Procedure: Show Ss the picture and ask them to identify the different things in it. Then give them a decision tree like this one and have them craft a description of the picture.  They should create 5 lines plus an extra one starting with “lies a” which they don’t write but have their peers guess.

Pattern

In                          table

On                        chairs

Near           a         sofa

Beside                   bookshelf

Under         the      fireplace                 lies a …

Next to                   tree

lake

mountain

beach                     is a

grass

bench

moon etc.

Example

On the bench

next to a tree

beside a lake

beneath the mountains

under a sunset sky

lies a …

Charles Hadfield Webinar 2 Image attribution: Peaceful mind by Peter Thoeny | Flickr | CC BY-NC-SA 2.0

Activity 3. Maternal Advice

What? Advice from a mother animal to its baby.

Language focus: imperatives, infinitives & gerunds; remember, try to take care, don’t forget, be careful + full infinitive, avoid beware of, forget about, refrain from, resist + ing

Procedure: Do you recognize this passage? Listen carefully. Who is talking? To whom? Listen and then compare ideas with a partner.

“When in doubt, any kind of doubt, Wash!” That is Rule No. I,’ said Jennie … `If you have committed any kind of an error and anyone scolds you—wash,’ she was saying. `If you slip and fall off something and somebody laughs at you—wash. If you are getting the worst of an argument and want to break off hostilities until you have composed yourself, start washing … That’s our first rule of social deportment, and you must also observe it.

`Whatever the situation, whatever difficulty you may be in you can’t go wrong if you wash. If you come into a room full of people you do not know, and who are confusing to you, sit right down in the midst of them and start washing. They’ll end up by quieting down and watching you. Some noise frightens you into a jump, and somebody you know saw you were frightened—begin washing immediately … `If somebody calls you and you don’t care to come and still you don’t wish to make it a direct insult— wash. If you’ve started off to go somewhere and suddenly can’t remember where it was you wanted to go, sit right down and begin brushing up a little. It will come back to you. Something hurt you? Wash it. Tired of playing with someone who has been kind enough to take time and trouble and you want to break off without hurting his or her feelings—start washing …

Any time, anyhow, in any manner, for whatever purpose, wherever you are, whenever and why ever that you want to clear the air, or get a moment’s respite or think things over—WASH! `And,’ concluded Jennie, drawing a long breath, `of course you also wash to get clean and to keep clean.’ `Goodness!’ said Peter, quite worried, `I don’t see how I could possibly remember them all.’ `You don’t have to remember any of it, actually,’ Jennie explained. All that you have to remember is Rule 1: “When in doubt—WASH!” ‘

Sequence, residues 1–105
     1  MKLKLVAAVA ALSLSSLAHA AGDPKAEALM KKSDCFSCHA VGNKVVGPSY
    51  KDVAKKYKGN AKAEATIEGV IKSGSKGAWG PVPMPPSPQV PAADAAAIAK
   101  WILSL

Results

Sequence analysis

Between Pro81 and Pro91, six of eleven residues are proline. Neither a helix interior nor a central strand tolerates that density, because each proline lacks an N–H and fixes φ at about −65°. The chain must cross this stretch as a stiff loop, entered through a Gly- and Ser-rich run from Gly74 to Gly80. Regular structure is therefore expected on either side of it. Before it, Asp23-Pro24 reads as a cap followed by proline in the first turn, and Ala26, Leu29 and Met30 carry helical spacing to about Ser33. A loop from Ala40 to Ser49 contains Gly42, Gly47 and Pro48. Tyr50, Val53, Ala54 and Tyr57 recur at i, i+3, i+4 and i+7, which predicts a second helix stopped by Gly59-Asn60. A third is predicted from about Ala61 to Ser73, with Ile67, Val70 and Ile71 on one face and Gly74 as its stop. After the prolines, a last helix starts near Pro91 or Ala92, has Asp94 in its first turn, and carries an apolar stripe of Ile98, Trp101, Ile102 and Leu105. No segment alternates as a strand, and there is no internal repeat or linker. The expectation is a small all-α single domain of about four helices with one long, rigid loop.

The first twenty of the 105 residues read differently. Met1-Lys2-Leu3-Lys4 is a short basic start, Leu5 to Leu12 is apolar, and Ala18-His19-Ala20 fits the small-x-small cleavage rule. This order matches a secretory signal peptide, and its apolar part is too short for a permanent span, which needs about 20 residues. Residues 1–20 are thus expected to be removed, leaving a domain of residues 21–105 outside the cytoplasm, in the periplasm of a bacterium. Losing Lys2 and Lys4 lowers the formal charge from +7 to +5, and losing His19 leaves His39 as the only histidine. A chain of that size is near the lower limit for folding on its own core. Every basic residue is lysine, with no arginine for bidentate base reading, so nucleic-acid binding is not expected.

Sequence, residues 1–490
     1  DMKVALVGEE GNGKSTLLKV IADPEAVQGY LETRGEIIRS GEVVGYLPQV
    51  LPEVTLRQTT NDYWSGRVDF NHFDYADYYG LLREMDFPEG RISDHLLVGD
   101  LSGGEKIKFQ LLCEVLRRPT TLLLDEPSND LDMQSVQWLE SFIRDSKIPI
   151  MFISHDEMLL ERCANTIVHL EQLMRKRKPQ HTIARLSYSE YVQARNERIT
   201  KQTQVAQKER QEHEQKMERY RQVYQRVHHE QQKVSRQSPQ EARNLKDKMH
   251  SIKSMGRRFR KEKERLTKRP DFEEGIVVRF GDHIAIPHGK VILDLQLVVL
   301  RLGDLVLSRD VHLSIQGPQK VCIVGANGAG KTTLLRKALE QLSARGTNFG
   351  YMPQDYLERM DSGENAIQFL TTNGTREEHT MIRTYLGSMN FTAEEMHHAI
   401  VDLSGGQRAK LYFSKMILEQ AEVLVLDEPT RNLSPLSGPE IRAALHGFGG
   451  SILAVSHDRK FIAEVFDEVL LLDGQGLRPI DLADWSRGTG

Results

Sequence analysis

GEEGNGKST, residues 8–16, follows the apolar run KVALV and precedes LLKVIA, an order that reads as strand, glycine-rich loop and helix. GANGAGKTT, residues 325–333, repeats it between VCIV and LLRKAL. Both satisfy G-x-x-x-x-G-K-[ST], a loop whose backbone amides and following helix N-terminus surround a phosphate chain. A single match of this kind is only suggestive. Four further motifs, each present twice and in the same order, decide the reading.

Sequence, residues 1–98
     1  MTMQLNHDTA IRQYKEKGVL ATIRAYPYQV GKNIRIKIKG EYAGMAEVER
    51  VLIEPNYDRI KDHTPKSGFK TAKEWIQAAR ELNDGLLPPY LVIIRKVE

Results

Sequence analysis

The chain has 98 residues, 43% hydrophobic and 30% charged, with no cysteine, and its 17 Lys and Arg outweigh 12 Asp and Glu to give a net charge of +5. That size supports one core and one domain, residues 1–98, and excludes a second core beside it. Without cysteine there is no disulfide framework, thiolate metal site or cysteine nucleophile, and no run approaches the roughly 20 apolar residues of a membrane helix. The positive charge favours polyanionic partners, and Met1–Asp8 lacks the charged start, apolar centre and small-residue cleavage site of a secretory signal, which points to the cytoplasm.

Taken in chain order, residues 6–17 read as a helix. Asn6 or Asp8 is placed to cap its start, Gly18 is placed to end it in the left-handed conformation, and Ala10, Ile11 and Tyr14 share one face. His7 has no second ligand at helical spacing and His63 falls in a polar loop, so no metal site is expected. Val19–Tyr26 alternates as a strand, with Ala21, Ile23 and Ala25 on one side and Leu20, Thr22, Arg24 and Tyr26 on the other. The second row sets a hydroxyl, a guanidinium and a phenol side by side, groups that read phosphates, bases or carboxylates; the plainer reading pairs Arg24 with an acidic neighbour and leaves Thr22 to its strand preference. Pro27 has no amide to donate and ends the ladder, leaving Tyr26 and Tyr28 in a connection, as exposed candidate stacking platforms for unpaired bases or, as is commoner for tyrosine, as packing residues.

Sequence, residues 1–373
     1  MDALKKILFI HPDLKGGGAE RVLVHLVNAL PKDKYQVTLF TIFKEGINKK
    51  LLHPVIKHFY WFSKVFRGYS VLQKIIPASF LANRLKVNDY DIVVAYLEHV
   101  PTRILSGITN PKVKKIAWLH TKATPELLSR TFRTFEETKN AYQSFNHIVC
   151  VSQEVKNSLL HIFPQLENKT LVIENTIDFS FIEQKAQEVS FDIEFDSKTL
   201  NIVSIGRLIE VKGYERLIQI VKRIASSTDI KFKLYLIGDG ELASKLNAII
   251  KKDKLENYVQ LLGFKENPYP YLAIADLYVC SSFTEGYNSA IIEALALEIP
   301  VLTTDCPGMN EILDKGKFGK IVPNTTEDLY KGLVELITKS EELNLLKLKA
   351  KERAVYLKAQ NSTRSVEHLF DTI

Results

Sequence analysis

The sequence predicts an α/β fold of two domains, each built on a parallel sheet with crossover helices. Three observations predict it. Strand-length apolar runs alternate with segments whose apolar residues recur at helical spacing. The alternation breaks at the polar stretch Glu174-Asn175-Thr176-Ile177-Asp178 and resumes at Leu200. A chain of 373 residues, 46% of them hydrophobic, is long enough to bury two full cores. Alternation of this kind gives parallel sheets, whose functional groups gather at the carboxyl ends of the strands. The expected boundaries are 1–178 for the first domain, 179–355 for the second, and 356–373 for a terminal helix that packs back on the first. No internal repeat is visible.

Jennie by Paul Gallico

Elicit that Jennie is a cat giving advice to Peter, a kitten. How many animals can you think of? Ask Ss to brainstorm. Then, ask Ss to choose one of the animals they brainstormed and write maternal advice from a mama animal to its baby.

Activity 4. Overheard in a cafe

What? Reporting on imaginary conversations.

Language focus: Reported speech, said, replied, denied, asked

Procedure: Show pics of people and ask Ss to select two and think of the conversation they might have. Ss then uses reported speech to describe the conversation the two people might have. Charlie had some paintings in this mix including Van Gogh’s self-portrait and some quirky ones such as a dog and a cat looking at each other.

Activity 5: The house that Jack built

What? Build progressively longer sentences.

Language focus: Relative clauses

Procedure: Show the Ss the following sentence pattern.

This is the house that Jack built. This is the malt that lay in the house that Jack built This is the rat, that ate the malt that lay in the house that Jack built.

webinar grammar Then ask Ss to construct their own from this photo. So their sentence would beging with “This is the photo that Jack took”. You may also want to to supply  words:

Man fish girl boat wind wave whale rod camera rock beach shark cook friend chips cat

Image attribution: Bass fishing by Eileen Jones | Flickr | CC BY-NC-SA 2.0

Activity 6: How it’s done

What: Instructions for various topics

Language focus: Imperatives and sequencing words

Procedure: Run Ss through an example of how something is done.

Example

How to make a cup of tea

Firstly, boil some water in a kettle

When it’s hot, pour a little in a teapot to warm it

Then throw out the water and put in two spoonfuls of tea leaves

Bring the water back to boil

Pour the boiling water on tea leaves in the pot

Leave to stand for two minutes

Serve in two cups

Ask Ss to use this template to write instructions for one of the following:

  • Eating spaghetti
  • Falling in love
  • Getting promotion
  • Bathing a dog
  • Going to a wedding
  • Looking after a two year old
  • Taking an exam
  • Having a relaxing evening

Charlie recommended using these activities in conjunction with the following:

  • Sharing session: Choose the best piece you wrote during the lesson and share it with others in a small group.
  • Student control: After doing a couple of these activities, hand over control to the Ss. Give them a particular grammar concept and ask them to come up with their own creative exercise around it.
  • Student ideas: Dialogues, sketches, poems, nonsense sentences, sabotaging the coursebook (playing around with sentences from the coursebook)

References

He had many other references in his list which had to do with the importance of creativity. Here’s a truncated list of language teaching references:

  • Nematis, A. 2009. Memory Vocabulary Learning Strategies and Long Term Retention. International Journal of Vocational and Technical Education 1 (2), pp. 14-24
  • Oxford, R. 1990. Language Learning Strategies. Newbury House
  • Schmitt, N. 2000. Vocabulary in Language Teaching. CUP